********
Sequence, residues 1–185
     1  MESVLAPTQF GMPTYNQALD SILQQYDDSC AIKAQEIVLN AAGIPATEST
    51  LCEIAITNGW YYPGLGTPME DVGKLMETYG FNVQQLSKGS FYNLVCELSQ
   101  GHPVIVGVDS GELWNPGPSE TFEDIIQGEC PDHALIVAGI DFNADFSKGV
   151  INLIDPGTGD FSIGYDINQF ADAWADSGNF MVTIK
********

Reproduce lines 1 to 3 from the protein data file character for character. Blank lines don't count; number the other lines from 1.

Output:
Sequence, residues 1–185
     1  MESVLAPTQF GMPTYNQALD SILQQYDDSC AIKAQEIVLN AAGIPATEST
    51  LCEIAITNGW YYPGLGTPME DVGKLMETYG FNVQQLSKGS FYNLVCELSQ